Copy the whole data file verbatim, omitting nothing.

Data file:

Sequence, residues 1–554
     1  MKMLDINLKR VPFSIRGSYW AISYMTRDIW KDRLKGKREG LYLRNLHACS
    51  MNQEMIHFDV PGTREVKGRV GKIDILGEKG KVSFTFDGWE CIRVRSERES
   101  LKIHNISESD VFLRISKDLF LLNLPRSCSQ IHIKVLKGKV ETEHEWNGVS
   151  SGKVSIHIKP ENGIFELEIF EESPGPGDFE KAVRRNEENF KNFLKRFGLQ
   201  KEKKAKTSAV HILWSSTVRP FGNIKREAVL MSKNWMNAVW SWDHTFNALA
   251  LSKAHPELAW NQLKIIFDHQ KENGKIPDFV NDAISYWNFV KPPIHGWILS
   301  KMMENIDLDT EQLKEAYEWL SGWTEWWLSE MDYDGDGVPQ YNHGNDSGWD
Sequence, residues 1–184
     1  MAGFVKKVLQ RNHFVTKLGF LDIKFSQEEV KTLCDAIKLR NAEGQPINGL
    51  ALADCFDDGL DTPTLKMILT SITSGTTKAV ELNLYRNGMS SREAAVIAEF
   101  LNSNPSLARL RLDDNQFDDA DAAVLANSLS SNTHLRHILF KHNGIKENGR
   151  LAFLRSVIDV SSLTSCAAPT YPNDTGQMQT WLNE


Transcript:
Sequence, residues 1–554
     1  MKMLDINLKR VPFSIRGSYW AISYMTRDIW KDRLKGKREG LYLRNLHACS
    51  MNQEMIHFDV PGTREVKGRV GKIDILGEKG KVSFTFDGWE CIRVRSERES
   101  LKIHNISESD VFLRISKDLF LLNLPRSCSQ IHIKVLKGKV ETEHEWNGVS
   151  SGKVSIHIKP ENGIFELEIF EESPGPGDFE KAVRRNEENF KNFLKRFGLQ
   201  KEKKAKTSAV HILWSSTVRP FGNIKREAVL MSKNWMNAVW SWDHTFNALA
   251  LSKAHPELAW NQLKIIFDHQ KENGKIPDFV NDAISYWNFV KPPIHGWILS
   301  KMMENIDLDT EQLKEAYEWL SGWTEWWLSE MDYDGDGVPQ YNHGNDSGWD
Sequence, residues 1–184
     1  MAGFVKKVLQ RNHFVTKLGF LDIKFSQEEV KTLCDAIKLR NAEGQPINGL
    51  ALADCFDDGL DTPTLKMILT SITSGTTKAV ELNLYRNGMS SREAAVIAEF
   101  LNSNPSLARL RLDDNQFDDA DAAVLANSLS SNTHLRHILF KHNGIKENGR
   151  LAFLRSVIDV SSLTSCAAPT YPNDTGQMQT WLNE